So what is the current state of the affair? From a quick glance at tutorials and documentation, it seems that most toolboxes are still in the stage where they try to suck in as many machine learning methods as possible, and provide mechanisms for building elaborate data analysis schemes from them. Which is perfectly okay with me, the whole framework described above without any data analysis methods would be pretty useless.

But there are also signs that people are starting to "unlearn" their matlab training and take advantage of the OOP modelling power. Just to name an example, the PyML toolbox provides generic assessment routines which take a classifier object and perform all kinds of data analysis steps on the method!. However, the resulting data is put into a data structure which is actually different from the "normal" data structure. But aside from this minor restriction, this is the direction of which I'd like to see more!

Proposal for NIPS*08 workshop

May 22, 2008

We are planning to have a NIPS workshop this year again. After our last year's workshop proposal did not get accepted, we thought it is a good idea to publicly discuss our current proposal. We very much invite feedback and are looking for active co-organizers too!

Some thoughts on Open Data

May 15, 2008

At the end of last year, Science Commons announced the Protocol for Implementing Open Access Data which concerns the interoperability of scientific data. bbgm has summarized this into 10 points, of which I would like to focus on the first. Quoting bbgm:

Given the amount of legacy data, it is unlikely 
that a single license will work for scientific data. 
Therefore, the memo focuses principles for 
open access data and a protocol for 
implementing those principles.

Is licensing appropriate for scientific data?

The first knee jerk reaction is to say "Of course! It will protect different people's interests.". However, as pointed out by John Wilbanks, data available in the public domain cannot be made "more free" by licensing, only less. Quoting him:

The public domain is not an “unlicensed commons”. 
The public domain does not equal the BSD. 
It is not a licensing option.
It is the natural legal state of data.

There are several other opinions here and here, but at the end of the day, it is clear that open data is highly important for scientific research, and possibly even more important than open source. My personal view is that for machine learning, public domain seems to be the best for our data.

Taking this idea of "public domain" to the area of software, one can ask the question whether all academic software should be open source. I had the pleasure of spending a few days last week talking to Neil Lawrence and Carl Rasmussen. Neil seems to have software available for each paper that he has recently submitted available on a group webpage. Carl is one of the many people who has contributed to the Gaussian Processes website. The listed projects would be considered (I guess) public domain, or "freely available for academic use". Does it matter that these really useful pieces of software do not have explicit licensing? Should they be considering some form of license?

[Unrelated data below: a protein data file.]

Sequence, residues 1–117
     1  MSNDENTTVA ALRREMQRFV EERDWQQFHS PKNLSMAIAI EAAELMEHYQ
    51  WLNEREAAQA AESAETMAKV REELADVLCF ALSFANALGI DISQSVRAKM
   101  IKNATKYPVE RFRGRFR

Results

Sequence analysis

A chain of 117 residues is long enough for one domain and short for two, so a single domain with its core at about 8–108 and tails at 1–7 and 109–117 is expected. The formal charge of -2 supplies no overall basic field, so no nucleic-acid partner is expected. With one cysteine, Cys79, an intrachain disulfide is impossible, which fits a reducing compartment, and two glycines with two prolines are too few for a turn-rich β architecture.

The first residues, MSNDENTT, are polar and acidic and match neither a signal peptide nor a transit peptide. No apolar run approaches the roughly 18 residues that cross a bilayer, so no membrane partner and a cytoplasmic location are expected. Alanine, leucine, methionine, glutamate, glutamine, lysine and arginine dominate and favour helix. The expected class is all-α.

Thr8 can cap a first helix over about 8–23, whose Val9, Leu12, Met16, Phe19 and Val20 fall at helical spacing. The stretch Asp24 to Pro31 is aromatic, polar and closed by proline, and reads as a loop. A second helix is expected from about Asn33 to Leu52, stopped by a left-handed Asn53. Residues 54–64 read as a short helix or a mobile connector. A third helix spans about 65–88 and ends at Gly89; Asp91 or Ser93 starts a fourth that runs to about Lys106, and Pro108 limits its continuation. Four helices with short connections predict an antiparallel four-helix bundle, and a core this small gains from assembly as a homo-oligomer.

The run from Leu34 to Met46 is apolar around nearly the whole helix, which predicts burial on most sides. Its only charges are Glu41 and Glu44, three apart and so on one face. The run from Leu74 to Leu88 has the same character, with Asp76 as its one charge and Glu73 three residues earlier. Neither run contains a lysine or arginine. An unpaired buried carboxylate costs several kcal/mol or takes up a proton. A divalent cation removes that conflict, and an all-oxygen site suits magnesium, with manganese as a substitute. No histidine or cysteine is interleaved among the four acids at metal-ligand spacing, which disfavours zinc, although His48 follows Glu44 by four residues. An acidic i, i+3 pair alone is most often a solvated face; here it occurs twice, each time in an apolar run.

LWPR is the first application that made it into JMLR-MLOSS.

May 9, 2008

The Library for Locally Weighted Projection Regression or in short LWPR got accepted in JMLR. We would like to thank the authors for their effort and start to interlink and hi-light accepted JMLR submissions.

MLOSS progress updates for May 2008

May 8, 2008

Here is a bit of self advertising, and a development in the bioinformatics community...

We have, as of today, 68 software projects and 205 registered users on the site ( What surprised me is the breadth of languages that machine learners seem to write their software. A look at the list of languages revealed that most of the popular languages are represented in our list of mloss projects.

  • C, C++
  • clisp, java
  • matlab, octave
  • python, perl
  • R, ruby

Comparing with the most popular programming languages on TIOBE notable languages that are missing include

  • visual basic, php
  • c#, d, delphi
  • javascript

One can argue that many of these languages are more suited to web development than machine learning code, but c# and delphi are general purpose languages. Maybe the fact that they are strongly linked with Microsoft has scared away open source developers from those languages.

In a discussion post, I pointed out that the International Society for Computational Biology was finalizing a policy statement about software sharing, and they recommend open source software. The relevant section says

III. Implementation when software sharing is warranted

  1. In most cases, it is preferable to make source code available. We recommend executable versions of the software should be made available for research use to individuals at academic institutions.
  2. Open source licenses are one effective way to share software.
    For more information, see the definition of open source, and example licenses, at

For the bioinformatics community, this means that researchers can more easily justify to the powers that be that open source is the right way to go. Will the machine learning community follow?